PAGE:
Like trying to boil the ocean, the A2/A251 roundabout is the wrong solution to the wrong need

Another morning spent observing traffic at the junction of The Mall and the A2.

Several characteristics are consistent:

1. schoolchildren were crossing the road by running between gaps in the freely flowing traffic

2. at times there were more people walking than driving along The Mall, mostly schoolchildren

3. traffic was flowing freely through the junction with only one very short period when traffic built up down The Mall, between 0844 and 0846.

Once again, these appear to be normal conditions.

This is not to say that the junction doesn’t have problems. It can indeed be badly congested when there is an abnormal incident such as an accident on the M2 or a temporary closure elsewhere.

If indeed it is the case that the junction generally flows freely – and comments from others support my observations – then the proposed designs are not serving the transport need. They are not helping schoolchildren and other vulnerable road users cross the road.

There is no general traffic congestion need that can be solved by enhancing the capacity of the junction. Nor, given the extreme congestion that can iccur when a local road is blocked, are the proposals going to address abnormal conditions.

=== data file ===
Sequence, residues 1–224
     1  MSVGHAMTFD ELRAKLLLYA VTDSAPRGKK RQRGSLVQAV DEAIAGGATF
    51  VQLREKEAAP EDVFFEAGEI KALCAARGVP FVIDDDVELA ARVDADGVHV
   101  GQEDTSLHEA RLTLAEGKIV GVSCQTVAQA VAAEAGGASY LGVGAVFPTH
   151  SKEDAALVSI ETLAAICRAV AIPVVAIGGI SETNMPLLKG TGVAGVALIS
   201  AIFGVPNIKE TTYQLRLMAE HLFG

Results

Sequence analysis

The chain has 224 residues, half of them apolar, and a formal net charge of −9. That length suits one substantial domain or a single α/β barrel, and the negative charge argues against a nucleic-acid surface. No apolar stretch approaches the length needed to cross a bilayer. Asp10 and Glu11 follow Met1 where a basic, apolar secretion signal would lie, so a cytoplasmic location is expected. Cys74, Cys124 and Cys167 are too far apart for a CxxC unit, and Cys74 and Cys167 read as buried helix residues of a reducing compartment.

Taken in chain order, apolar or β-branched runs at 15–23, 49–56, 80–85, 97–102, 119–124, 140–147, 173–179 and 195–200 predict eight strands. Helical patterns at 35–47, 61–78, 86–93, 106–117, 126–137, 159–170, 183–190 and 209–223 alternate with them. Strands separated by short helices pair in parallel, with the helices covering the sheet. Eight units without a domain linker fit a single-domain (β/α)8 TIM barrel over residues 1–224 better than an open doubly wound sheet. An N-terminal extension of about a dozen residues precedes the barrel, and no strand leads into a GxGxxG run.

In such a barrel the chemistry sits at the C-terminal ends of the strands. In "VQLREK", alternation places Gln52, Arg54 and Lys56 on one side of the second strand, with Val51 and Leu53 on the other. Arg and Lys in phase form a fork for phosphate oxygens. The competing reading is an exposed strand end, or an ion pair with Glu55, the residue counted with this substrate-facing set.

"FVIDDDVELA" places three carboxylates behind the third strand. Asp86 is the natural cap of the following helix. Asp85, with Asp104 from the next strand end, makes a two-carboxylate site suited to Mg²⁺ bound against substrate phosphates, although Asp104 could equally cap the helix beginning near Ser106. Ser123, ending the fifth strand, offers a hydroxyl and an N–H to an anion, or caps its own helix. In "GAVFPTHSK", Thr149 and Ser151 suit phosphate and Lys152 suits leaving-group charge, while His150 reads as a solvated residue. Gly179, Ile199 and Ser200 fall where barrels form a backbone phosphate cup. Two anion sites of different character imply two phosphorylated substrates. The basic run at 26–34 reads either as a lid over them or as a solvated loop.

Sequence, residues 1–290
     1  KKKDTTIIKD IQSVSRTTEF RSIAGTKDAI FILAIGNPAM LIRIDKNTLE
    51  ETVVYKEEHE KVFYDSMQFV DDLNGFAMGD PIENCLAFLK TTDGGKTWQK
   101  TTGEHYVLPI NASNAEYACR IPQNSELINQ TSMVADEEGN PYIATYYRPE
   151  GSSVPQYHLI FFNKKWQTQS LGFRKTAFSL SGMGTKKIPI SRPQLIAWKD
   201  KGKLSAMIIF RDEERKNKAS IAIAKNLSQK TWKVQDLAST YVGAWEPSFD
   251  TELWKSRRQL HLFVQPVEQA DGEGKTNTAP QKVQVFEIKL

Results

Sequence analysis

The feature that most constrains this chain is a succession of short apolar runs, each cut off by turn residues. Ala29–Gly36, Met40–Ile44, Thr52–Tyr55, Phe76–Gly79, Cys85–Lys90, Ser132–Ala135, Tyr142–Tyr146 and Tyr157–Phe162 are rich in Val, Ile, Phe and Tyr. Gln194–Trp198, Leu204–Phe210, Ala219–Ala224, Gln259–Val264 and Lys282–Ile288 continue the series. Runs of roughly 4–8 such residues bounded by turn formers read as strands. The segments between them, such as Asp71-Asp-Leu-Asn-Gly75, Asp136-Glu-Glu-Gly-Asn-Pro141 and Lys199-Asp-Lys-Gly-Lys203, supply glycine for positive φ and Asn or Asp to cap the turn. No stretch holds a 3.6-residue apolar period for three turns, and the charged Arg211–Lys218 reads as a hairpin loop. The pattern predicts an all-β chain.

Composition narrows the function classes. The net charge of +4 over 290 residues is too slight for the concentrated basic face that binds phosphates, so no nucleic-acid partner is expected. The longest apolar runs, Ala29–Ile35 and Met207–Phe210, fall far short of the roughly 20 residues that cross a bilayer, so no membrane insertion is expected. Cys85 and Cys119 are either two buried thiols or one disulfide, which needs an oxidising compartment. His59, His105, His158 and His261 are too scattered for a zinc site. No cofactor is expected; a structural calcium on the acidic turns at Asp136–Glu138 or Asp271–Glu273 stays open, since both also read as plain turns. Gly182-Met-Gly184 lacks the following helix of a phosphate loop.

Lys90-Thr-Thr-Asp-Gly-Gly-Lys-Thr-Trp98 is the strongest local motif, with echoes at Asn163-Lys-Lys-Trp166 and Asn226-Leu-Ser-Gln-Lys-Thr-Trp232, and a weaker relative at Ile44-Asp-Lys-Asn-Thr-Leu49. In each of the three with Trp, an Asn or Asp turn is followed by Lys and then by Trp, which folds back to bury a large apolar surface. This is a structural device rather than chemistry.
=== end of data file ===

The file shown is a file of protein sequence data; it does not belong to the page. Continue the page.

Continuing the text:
Instead the proposals will harm everyday traffic movement by banning turns and sending frustrated drivers on longer journeys down local streets. And they will do nothing for pedestrians or cyclists.

Not unlike trying to boil the ocean, the A2/A251 proposals are the wrong solution to the wrong need.

The reality is that the proposals are not what Faversham needs. Instead, what is needed is support for walking and cycling throughout the town.

Why? Because the future growth of Faversham means that there must be a significant “modal shift” towards walking and cycling rather than more of the same car-focused thinking. Otherwise it is jam today and jam tomorrow.

Air quality and carbon emissions targets should also be pushing policymakers and transport planners in this direction.

Finally, budget constraints mean that lower prices and better value projects need to be pursued.

Walking and cycling projects fit the bill, whether the priority is congestion relief, air quality enhancement, carbon emissions reduction or cost control. A move to a 20mph speed limit will also help more traffic through the junction.

Kent County Council should be responding to the pressing, long-term needs of the town rather than pursuing an impossible quest to solve an intractable problem.

The answers are there but Kent County Council won’t see them until it shifts its mindset away from car-centric thinking.

By writing to oppose the current plans for the A2/A251 junction we can also encourage the change of perspective that is needed:

tro@kent.gov.uk

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